Savannah Morning News, 06 Nov 2013
The event will feature Chef Elizabeth Terry and Master Sommelier Robert Jones, national account manager at Kysela Pere et Fils Ltd., as well as local chefs and the homegrown bounty from Bethesda students.
Farm to Table Wine Dinner, 5 p.m. Nov. 11, Bethesda Academy.
Movie screening, “SOMM” the documentary, presented by Big Green Egg and Beringer. 6 p.m. Nov. 12, Savannah Theatre.
Seasonal Holiday Values Wine Tasting, 11:15-12:30 p.m. Nov. 15, International Trade & Convention Center.
But perhaps you’re a little overwhelmed by the grandness of it all and are afraid to make a fool of yourself at a wine tasting event.
That’s OK; it’s always a little nerve-wracking to try something new.
Jones, who is scheduled to be at several wine tasting events at the festival, offers expert advice so you can step out with confidence and enjoy these world-class tasting events and not let the festival pass you by.
“First of all, ask yourself why you are shy,” Jones said.
He added that to go to an event, it takes money, time and interest, so if you have all of those things and you’re still not sure about going to a tasting, then you should “ask yourself what’s holding you back. Don’t let shyness keep you at home.”
Jones lays out the basics of a walk-around wine tasting:
Come with an open mind. “Professionals are in charge of these events, and they want you have fun and have the opportunity to eat delicious foods and drink some great wines.”
Come prepared. “Don’t go to a tasting on an empty stomach.”
Don’t get tipsy. “This is a tasting, not a drinking. That is very important. You are expected to sip and spit it out. It’s irresponsible to drink as much wine as is offered at a large walk-around tasting. Also, be sure to drink lots of water during the event.”
Let the server be in charge. “The person behind the table, who is a professional, not a servant, will pour a certain amount of wine – usually no more than 1 ounce of wine. Don’t tell them to pour you more – that is very rude. Never say, ‘That’s enough,’ or clink your glass for more. It’s rude to say, ‘Go ahead and fill that glass all the way up.’”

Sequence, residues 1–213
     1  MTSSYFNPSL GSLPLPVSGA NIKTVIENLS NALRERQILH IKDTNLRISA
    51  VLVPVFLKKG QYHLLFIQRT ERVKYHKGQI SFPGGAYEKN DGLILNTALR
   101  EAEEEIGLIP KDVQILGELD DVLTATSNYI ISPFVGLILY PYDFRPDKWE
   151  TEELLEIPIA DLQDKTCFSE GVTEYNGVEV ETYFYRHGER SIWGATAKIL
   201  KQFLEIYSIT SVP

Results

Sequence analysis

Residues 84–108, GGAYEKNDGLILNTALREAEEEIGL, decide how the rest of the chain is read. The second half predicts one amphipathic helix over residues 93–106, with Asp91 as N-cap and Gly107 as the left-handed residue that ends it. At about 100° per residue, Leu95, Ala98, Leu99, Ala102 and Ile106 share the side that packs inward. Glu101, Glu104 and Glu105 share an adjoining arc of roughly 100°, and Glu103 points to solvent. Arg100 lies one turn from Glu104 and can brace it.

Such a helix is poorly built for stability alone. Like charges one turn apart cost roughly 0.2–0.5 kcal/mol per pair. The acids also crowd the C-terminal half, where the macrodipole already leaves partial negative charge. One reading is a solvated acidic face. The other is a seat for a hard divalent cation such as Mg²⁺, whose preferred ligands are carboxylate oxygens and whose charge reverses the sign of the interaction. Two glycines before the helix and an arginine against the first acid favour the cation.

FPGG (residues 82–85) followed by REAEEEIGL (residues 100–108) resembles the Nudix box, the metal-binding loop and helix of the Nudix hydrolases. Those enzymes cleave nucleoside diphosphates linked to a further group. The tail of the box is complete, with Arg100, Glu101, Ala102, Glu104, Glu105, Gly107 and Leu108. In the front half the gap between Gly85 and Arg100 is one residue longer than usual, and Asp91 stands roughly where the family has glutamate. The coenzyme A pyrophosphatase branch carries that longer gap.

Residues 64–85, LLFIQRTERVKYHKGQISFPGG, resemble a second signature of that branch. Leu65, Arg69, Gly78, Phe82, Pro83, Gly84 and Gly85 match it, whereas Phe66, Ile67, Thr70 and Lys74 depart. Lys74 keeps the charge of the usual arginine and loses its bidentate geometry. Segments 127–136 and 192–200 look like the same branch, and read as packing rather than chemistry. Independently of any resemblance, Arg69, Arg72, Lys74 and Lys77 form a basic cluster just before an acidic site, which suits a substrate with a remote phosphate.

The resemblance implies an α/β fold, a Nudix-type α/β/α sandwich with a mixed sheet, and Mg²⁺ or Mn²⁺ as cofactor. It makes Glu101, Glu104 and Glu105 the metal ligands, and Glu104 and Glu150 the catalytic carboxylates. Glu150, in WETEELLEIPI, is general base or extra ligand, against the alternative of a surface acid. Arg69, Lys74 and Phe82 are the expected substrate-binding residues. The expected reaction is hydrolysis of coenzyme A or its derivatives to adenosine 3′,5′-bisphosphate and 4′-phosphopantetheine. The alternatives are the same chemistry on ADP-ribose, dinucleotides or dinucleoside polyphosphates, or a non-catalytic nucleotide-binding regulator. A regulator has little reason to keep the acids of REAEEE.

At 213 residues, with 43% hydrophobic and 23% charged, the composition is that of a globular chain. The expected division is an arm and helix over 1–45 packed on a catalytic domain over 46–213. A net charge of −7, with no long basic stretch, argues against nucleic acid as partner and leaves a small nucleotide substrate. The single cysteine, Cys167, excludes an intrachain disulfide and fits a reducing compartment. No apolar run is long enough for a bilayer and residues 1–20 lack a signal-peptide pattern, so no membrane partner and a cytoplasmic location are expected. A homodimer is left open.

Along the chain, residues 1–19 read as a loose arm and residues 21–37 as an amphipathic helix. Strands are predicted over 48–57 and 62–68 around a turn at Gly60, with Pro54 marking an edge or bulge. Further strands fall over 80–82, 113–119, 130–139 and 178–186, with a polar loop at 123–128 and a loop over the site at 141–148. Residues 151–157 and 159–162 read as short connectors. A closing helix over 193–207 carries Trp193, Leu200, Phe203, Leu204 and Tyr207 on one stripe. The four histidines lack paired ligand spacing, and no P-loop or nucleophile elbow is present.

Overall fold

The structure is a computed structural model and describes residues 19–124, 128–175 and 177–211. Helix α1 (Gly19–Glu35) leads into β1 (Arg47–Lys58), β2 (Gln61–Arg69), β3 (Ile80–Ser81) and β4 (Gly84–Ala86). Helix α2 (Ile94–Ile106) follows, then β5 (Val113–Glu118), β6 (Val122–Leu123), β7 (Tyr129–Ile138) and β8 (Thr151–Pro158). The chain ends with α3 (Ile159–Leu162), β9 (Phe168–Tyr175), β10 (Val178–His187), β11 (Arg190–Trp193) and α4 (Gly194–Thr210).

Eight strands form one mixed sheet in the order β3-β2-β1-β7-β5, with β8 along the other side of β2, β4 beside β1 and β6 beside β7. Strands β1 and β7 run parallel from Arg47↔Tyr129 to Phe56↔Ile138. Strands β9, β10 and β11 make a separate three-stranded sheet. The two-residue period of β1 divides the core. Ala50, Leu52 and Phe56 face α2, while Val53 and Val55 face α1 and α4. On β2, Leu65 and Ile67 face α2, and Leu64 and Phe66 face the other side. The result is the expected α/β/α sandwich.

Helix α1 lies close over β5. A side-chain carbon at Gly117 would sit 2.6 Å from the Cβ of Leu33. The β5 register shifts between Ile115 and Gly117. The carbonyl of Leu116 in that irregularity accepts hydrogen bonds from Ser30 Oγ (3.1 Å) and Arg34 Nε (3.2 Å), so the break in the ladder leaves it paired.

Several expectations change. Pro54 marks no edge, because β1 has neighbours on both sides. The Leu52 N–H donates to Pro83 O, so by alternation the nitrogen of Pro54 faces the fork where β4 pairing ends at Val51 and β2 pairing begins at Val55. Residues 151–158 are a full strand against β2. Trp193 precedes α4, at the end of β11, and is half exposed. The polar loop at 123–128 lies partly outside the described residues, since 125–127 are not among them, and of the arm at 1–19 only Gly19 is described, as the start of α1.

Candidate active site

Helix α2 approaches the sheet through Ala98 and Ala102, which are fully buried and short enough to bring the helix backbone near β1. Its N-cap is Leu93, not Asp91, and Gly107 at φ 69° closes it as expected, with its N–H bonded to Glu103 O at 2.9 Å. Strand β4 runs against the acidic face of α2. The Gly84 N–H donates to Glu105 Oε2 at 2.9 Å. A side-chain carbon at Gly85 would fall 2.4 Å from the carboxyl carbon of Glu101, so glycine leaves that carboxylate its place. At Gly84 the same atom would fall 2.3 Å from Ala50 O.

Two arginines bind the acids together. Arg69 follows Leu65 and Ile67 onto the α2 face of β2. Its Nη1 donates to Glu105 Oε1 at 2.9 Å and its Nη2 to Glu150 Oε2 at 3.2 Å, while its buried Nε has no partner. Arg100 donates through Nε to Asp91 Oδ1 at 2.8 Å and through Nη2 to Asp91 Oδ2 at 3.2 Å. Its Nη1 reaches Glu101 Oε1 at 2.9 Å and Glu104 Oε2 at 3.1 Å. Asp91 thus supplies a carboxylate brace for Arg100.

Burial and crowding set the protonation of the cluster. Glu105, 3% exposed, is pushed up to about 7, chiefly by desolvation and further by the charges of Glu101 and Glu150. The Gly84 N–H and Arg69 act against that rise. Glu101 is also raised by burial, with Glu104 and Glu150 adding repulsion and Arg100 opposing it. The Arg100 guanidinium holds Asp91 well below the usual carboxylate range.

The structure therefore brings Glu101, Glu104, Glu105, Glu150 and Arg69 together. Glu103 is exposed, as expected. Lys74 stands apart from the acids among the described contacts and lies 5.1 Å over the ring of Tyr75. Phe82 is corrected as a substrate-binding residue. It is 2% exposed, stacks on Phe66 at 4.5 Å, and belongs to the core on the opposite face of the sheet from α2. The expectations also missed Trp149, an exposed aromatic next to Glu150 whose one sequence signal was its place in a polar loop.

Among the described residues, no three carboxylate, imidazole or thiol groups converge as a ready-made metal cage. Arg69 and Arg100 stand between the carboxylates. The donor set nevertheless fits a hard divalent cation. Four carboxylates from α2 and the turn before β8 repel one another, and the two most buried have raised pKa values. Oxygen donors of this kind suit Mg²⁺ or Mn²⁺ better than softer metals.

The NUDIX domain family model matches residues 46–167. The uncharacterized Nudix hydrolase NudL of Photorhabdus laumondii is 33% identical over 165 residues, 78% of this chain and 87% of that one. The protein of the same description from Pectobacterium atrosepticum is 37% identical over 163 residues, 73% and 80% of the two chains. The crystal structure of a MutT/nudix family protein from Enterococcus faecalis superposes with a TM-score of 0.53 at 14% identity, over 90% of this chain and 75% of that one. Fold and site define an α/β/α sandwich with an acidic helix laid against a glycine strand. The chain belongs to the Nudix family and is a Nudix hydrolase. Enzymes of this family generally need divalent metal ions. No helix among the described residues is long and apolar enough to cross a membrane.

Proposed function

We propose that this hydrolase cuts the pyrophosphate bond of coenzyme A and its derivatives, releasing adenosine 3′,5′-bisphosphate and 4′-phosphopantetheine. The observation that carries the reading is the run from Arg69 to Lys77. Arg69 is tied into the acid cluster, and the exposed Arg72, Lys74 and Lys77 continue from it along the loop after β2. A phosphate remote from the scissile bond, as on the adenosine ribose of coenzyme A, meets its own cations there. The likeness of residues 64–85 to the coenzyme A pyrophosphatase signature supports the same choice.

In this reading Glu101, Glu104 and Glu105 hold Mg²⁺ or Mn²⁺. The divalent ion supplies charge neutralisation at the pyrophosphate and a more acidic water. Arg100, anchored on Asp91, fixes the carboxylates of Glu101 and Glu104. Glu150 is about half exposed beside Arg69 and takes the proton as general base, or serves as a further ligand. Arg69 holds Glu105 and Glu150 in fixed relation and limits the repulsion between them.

“It’s fine to pour out the rest of your glass, but it’s not okay to reject the wine and say, ‘I don’t want that,’ or ‘I don’t drink white wine.’ Accept the tasting from the server and be polite. You are there to try new things.”
Follow the order of the tasting. “Don’t tell the server which wine you want first. The wines are in order for a reason, so progress as instructed. Everything is chosen for a reason.”
Don’t be a know-it-all. “No one knows it all. Be polite to people. Don’t treat the servers like servants. Be nice. Smile and say thank you.”
Mind your manners
Jones said the most important thing to remember when you go to a tasting is to “be a good human being.”
He also said it’s important for the community to support the festival so it will come back next year.
“This is the first one, so it will set precedence,” he said. “It will only grow if it’s supported.
“The first year is really important — I love being a part of events like this.
“Everyone needs to understand this festival is filled with a lot of professional people giving up a lot of their time. No one is getting paid here; we do it because we love it.”
And Jones said if you see him walking around the festival, feel free to chat with him and ask some questions.
“I’m scheduled for several events, but I’ll be walking around tasting wines and meeting people, as well,” he said. “I’m really looking forward to it.”